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 Financial Happenings Blog 
Monday, July 01 2013

For many years I have followed the writings and podcasts of Paul Merriman, a financial adviser based in the USA.  Recently Merriman has retired but continues to write and publish on financial advice particularly investment advice topics.  In a recent article 10 do's and don'ts for retirement investors he looks at 5 key dos and 5 key dont's in retireement.  Even though the comments are focussed on retirees in the US the broad concepts are just as relevent for us here in Australia.  So here are the 10 items for your consideration:

Retirement do’s

  1. Do take advantage of “the only free lunch on Wall Street” by building a diversified portfolio of mutual funds (managed funds in Australia). This will reduce your risk and probably increase your returns.

  2. Do buy funds with the lowest possible expenses. The average equity fund charges more than 1.3% a year, yet you can get most of the asset classes you need in good funds for a full percentage point less than that. This is equally important for bond funds.

  3. Do buy index funds instead of actively managed ones. This will be a big help in achieving both of the prior “do’s” I mentioned.

  4. Do invest in equity asset classes with long histories of successful returns. Based on years of careful study by academics I trust, this means U.S. large-cap blend, U.S. large-cap value, U.S. small-cap, U.S. small-cap value, international large-cap blend, international large-cap value, international small-cap blend, international small-cap value, and emerging markets. And for tax-deferred accounts only, it means U.S. REITs. (In Australia the asset classes include Australian large-cap companies, Australian value style companies, Australian small-cap companies, International large/value/small cap companies, emerging markets and Australian and international REITs)

  5. Do invest in the most tax-efficient manner. Unless you have unusual circumstances, that means maximizing your IRA and 401(k) accounts and (when you’re living off your money in retirement) using up your taxable accounts first. (In the Australian context this is about effectively utilising superannuation and superannuation pension accounts)

Retirement don’ts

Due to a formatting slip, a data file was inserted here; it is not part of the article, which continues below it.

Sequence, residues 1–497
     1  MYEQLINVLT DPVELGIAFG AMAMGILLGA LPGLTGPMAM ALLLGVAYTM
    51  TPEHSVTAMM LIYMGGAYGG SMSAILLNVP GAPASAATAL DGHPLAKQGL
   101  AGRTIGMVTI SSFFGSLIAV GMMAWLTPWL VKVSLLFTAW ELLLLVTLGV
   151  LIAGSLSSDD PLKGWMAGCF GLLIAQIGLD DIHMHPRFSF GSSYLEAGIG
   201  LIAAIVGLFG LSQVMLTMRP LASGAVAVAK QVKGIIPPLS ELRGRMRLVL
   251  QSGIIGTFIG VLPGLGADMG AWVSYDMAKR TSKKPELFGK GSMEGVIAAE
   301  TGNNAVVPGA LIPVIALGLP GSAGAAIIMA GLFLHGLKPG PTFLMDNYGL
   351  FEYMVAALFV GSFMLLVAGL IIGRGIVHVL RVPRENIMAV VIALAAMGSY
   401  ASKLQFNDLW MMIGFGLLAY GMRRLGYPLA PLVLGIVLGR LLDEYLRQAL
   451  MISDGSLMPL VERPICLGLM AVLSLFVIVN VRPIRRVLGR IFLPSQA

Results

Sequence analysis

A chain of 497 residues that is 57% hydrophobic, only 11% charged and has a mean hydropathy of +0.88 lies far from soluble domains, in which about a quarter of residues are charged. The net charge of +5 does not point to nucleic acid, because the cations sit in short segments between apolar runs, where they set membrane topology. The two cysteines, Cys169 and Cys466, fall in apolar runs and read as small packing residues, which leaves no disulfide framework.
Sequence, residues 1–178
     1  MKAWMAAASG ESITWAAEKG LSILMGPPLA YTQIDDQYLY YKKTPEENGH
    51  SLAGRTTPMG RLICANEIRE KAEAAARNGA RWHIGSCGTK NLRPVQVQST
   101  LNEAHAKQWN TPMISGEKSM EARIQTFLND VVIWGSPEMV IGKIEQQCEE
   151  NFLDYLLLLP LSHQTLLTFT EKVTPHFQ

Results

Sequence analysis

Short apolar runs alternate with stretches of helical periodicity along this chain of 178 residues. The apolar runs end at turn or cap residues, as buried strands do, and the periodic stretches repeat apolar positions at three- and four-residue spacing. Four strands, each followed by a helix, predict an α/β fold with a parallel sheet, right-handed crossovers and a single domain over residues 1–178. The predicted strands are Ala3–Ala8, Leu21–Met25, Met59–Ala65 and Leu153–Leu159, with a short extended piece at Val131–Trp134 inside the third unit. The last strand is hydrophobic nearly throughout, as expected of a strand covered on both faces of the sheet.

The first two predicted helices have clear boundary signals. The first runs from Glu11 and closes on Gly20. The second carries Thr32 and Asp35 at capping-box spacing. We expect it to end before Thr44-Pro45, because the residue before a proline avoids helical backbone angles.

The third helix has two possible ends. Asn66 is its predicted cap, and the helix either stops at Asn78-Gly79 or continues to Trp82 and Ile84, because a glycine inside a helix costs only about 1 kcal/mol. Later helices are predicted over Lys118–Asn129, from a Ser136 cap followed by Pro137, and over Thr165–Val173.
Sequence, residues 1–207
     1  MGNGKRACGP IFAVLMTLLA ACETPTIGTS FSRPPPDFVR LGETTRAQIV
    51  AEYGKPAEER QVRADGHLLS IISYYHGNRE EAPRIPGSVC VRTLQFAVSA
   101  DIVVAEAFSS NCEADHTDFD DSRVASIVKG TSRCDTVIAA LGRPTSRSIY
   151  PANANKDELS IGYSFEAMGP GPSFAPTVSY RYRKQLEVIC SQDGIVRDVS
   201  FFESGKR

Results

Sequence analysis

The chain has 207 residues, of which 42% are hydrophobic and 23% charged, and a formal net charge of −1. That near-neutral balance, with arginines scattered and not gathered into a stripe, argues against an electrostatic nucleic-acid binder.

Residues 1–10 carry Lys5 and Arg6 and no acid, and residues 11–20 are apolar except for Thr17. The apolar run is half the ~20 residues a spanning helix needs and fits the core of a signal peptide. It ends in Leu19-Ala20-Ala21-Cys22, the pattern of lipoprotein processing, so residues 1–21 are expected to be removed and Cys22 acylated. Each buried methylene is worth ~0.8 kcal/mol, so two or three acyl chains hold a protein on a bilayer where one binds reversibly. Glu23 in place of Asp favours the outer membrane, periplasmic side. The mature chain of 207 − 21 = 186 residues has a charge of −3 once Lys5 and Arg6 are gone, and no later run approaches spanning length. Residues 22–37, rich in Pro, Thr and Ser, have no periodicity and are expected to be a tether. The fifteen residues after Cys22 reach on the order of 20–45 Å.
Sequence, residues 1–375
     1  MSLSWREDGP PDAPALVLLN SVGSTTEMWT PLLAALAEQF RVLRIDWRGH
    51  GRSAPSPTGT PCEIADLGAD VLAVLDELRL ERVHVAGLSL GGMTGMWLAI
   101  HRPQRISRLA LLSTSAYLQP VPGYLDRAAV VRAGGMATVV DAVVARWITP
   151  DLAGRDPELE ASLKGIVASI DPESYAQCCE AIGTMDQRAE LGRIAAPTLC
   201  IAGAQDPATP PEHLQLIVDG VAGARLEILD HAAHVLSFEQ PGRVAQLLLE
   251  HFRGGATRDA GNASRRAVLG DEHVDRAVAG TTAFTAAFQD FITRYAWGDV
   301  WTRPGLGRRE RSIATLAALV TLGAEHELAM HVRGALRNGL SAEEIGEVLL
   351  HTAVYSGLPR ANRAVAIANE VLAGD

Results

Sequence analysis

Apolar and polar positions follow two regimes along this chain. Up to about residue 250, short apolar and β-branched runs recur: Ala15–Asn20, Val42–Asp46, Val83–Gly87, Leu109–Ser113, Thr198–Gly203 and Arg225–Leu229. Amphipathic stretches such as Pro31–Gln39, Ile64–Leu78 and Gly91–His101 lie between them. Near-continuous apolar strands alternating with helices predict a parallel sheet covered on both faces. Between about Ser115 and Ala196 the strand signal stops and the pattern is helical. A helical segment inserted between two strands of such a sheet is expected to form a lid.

1. Don’t pay a sales commission to buy or sell a mutual fund. The commission is money that’s gone forever from your nest egg, and it inevitably and permanently diminishes the return you will get. (In Australia you can no longer buy funds that have commissions attached but any existing managed funds may still maintain a commission structure.)

  2. Don’t buy funds in asset classes with low expected returns or high levels of risk relative to their expected returns. Among the most prominent examples of asset classes you should avoid are commodities, gold and technology stocks. In addition, I think you should steer clear of pure growth funds, whether they invest in large-cap, midcap or small-cap stocks — and this includes international funds as well as U.S. funds.

  3. No matter how much you are attracted to an active manager, don’t buy actively managed funds. This is really another way of stating my third point above. Actively managed funds are guaranteed to have higher expenses than index funds, and their returns aren’t likely to be as high as those of index funds.

  4. Don’t speculate with your portfolio, even a small part of it “for fun.” If you have a properly diversified portfolio along the lines that I recommend, your investments will include all the “great opportunities” you will ever need. Speculating and playing the market will almost surely reduce your long-term returns. 

    If you absolutely can’t resist trying your luck, then spend (notice I am not saying “invest”) a bit of money that you can afford to lose and buy a lottery ticket.

  5. Don’t get snookered into thinking you have found a guru or anybody else who knows what will happen to the market in the future beyond statements such as “Stocks will go up in the long run.” Many people claim to have that knowledge, but nobody does. The sooner you can accept this fact the sooner you will be in touch with reality. 

    When you are in touch with reality, you are likely to invest more intelligently and productively.

 

These are great insights from a man with many more years of experience than me and well worth consideration for you investment portfolio.

Regards,

Scott

 

Posted by: AT 10:13 am   |  Permalink   |  Email
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